Study underlines cannabis link to psychosis

LONDON Tue Mar 1, 2011 7:56pm EST

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LONDON (Reuters) - People who use cannabis in their youth dramatically increase their risk of psychotic symptoms, and continued use of the drug can raise the risk of developing a psychotic disorder in later life, scientists said on Wednesday.

In a 10-year study of links between cannabis use and psychosis, Dutch researchers found that cannabis use almost doubled the risk of later psychotic symptoms.

Experts commenting on the results said the major challenge for health authorities was to deter enough young people from using cannabis so that rates of psychosis could be reduced.

"This study adds a further brick to the wall of evidence showing that use of traditional cannabis is a contributory cause of psychoses like schizophrenia," said Robin Murray of the Institute of Psychiatry at Kings College London, who was not involved in the research.

Wednesday's findings, published in the British Medical Journal, echo research last year which found that young people who smoke cannabis for six years or more are twice as likely to have psychotic episodes, hallucinations or delusions.

Cannabis is the most commonly used illicit drug in the world, particularly among adolescents, and is increasingly linked to added risks of developing mental illness.

But scientists say it is not yet clear whether the link between cannabis and psychosis is causal, or whether it is because people with psychosis use cannabis to self-medicate to calm their symptoms.

For this study, a team of Dutch researchers led by Jim van Os from Maastricht University studied a random sample of 1,923 adolescents and young adults aged 14 to 24 years.

The study took place in Germany and the researchers separated out anyone who said they were already using cannabis and excluded those with pre-existing psychotic symptoms so they could look at links between new cannabis use and psychosis.

They found that so-called "incident," or new, cannabis use almost doubled the risk of new psychotic symptoms, even after accounting for factors such as age, sex, socio-economic status, use of other drugs and other psychiatric problems.

They also found that in those who were already using cannabis at the start of the study, continued use increased the risk of persistent psychotic symptoms. There was no evidence for self-medication effects since psychotic symptoms did not predict later cannabis use, they said.

Peter Kinderman, a professor of clinical psychology at the University of Liverpool, said the study suggested authorities should take "a cautious and thoughtful approach to cannabis legislation."

"It's important to remember that psychosis is a very complex bio-psycho-social phenomenon...but this important paper certainly reminds us that there's a strong link to the use of cannabis," he said in an emailed comment.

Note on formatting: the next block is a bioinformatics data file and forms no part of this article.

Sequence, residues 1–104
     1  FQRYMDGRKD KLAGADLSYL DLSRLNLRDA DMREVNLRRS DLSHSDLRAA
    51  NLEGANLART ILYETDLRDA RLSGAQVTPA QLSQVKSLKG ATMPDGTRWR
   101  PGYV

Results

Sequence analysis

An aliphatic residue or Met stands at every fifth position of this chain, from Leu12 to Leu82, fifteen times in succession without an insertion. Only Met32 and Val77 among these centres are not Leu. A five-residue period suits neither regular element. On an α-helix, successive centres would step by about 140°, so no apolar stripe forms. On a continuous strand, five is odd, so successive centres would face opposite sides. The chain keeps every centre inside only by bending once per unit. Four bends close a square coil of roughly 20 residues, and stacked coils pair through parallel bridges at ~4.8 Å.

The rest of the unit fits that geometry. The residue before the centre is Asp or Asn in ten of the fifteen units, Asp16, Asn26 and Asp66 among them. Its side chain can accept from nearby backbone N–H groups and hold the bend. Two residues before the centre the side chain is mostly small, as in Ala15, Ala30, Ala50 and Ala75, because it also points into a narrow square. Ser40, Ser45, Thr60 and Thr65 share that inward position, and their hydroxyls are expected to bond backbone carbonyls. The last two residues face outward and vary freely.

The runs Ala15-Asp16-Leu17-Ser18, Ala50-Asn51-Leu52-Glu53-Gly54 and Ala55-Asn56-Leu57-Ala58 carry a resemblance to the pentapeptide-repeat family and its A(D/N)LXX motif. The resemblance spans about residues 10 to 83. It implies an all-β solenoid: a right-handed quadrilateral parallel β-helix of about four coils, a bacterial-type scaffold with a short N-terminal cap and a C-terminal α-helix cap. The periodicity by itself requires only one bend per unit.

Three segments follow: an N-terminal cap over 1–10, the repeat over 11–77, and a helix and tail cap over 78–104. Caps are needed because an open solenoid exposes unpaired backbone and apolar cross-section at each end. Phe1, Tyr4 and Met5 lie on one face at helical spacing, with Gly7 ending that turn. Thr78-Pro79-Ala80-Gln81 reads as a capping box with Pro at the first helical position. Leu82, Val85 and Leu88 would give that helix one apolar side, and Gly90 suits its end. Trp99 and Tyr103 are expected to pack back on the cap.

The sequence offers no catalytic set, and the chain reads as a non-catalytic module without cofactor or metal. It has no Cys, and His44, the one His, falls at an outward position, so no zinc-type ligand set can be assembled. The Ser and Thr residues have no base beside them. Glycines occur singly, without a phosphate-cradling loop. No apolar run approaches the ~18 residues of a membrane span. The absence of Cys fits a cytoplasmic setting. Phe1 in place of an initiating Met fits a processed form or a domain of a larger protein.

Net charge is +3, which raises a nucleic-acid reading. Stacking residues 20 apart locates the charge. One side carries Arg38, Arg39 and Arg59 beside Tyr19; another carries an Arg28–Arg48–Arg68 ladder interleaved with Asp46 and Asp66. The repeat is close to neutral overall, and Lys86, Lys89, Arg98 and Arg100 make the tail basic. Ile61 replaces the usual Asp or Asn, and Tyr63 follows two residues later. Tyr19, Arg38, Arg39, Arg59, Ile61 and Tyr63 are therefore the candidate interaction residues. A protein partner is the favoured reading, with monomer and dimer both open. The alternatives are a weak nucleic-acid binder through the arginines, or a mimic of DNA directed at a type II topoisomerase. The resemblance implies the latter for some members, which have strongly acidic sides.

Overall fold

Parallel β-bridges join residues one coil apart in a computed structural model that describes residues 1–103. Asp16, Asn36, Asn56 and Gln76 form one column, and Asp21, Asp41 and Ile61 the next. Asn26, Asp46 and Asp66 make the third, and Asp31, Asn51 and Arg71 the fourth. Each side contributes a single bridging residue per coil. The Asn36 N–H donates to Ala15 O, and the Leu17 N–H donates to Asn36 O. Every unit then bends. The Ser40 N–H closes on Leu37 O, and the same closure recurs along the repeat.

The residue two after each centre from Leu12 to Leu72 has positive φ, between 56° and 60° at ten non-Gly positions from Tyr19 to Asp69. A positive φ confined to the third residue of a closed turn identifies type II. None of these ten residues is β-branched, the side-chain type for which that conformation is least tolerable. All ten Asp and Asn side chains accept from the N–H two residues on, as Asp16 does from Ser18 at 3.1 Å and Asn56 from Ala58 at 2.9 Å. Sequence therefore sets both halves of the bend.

(Editing by Mark Trevelyan)

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Comments (4)
eNLogic wrote:
I think this study proves that people who have had psychotic episodes tend to have experience with cannabis. However it does not prove that cannabis use increases the chance that someone will become psychotic. It even says that people who are already use cannabis were separated and those with pre-existing psychotic conditions were excluded from the study. How can you exclude that group? It would completely throw off the results.

Mar 02, 2011 3:27pm EST  --  Report as abuse
wzgru22 wrote:
I normally don’t comment on news stories, but this one begs some attention. While the scientific facts presented here do indeed lead one to draw a cause-effect link between cannabis use and psychosis, the two are not linked in a cause-effect manner, but they rather co-arise. What this means is that those who use cannabis may or may not already have a latent (subconscious) pre-disposition to psychosis, but those who *do* have a predisposition to psychosis will be more likely to use cannabis as a means for “coping”, and are therefore more likely to use cannabis more regularly, and for a longer period of time.

Because of this, because users who have a latent pre-disposition for psychosis will use the drug more regularly and longer, and because those without a tendency towards psychosis (i.e. more balanced people) will likely use the drug less frequently, and not as long, this study is based on somewhat biased evidence and the conclusion drawn is misleading.

As mentioned in the study, cannabis users may show an almost double risk of psychosis, but not because they are using cannabis, but because they are using cannabis to cope with already-emergent psychotic symptoms. The drug is not the cause of this problem. We as a society need to look at the environmental causes, as well as personal causes which bring a person to a state of mental agitation and discomfort–and, in addition, we should work to apply any of the many, proven successful lifestyle or mental/relaxation techniques anyone can find by a little web research.

Understanding the root cause of these problems and working to educate youth around these issues will help solve this problem, not blaming a drug or other coincidental factor.

Thanks.

Mar 02, 2011 3:28pm EST  --  Report as abuse
Sinbad1 wrote:
I live near a hippy town and there is lots of pot available. What I found amazing when I first moved here was the way children would attempt to buy or beg cigarettes from adults to mix with their pot.
Tobacco is legal for adults but not children so they couldn’t go to the store and buy their own.
Pot being illegal was much easier for the kids to buy.
Legalize it regulate it tax it and save our children.

Mar 02, 2011 6:52pm EST  --  Report as abuse
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